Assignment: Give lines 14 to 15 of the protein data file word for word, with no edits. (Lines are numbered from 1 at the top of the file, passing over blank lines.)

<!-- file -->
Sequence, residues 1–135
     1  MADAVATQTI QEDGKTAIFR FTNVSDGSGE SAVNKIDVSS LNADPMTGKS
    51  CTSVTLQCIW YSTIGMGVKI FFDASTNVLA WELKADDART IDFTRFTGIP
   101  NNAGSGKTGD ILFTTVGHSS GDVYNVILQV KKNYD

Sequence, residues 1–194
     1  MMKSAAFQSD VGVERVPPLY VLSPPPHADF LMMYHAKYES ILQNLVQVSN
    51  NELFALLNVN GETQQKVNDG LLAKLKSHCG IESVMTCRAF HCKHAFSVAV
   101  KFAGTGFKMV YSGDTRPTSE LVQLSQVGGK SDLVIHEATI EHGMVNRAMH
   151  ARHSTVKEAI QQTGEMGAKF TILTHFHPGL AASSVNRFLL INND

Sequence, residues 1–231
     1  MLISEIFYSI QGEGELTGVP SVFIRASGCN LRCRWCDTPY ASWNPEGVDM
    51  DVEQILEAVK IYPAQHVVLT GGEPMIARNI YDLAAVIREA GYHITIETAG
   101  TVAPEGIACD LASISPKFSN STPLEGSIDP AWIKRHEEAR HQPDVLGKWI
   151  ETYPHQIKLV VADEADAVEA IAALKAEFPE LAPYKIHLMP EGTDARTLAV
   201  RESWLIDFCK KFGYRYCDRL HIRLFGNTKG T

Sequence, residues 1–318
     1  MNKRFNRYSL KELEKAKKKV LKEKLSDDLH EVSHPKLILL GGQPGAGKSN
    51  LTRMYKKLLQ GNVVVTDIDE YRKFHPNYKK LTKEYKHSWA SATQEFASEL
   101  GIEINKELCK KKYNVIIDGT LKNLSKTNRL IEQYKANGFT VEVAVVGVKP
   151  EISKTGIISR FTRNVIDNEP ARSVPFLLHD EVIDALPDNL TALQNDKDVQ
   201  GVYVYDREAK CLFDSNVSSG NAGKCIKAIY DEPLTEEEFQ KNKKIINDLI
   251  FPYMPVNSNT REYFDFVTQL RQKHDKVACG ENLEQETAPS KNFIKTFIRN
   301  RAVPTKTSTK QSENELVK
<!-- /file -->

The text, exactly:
   151  ETYPHQIKLV VADEADAVEA IAALKAEFPE LAPYKIHLMP EGTDARTLAV
   201  RESWLIDFCK KFGYRYCDRL HIRLFGNTKG T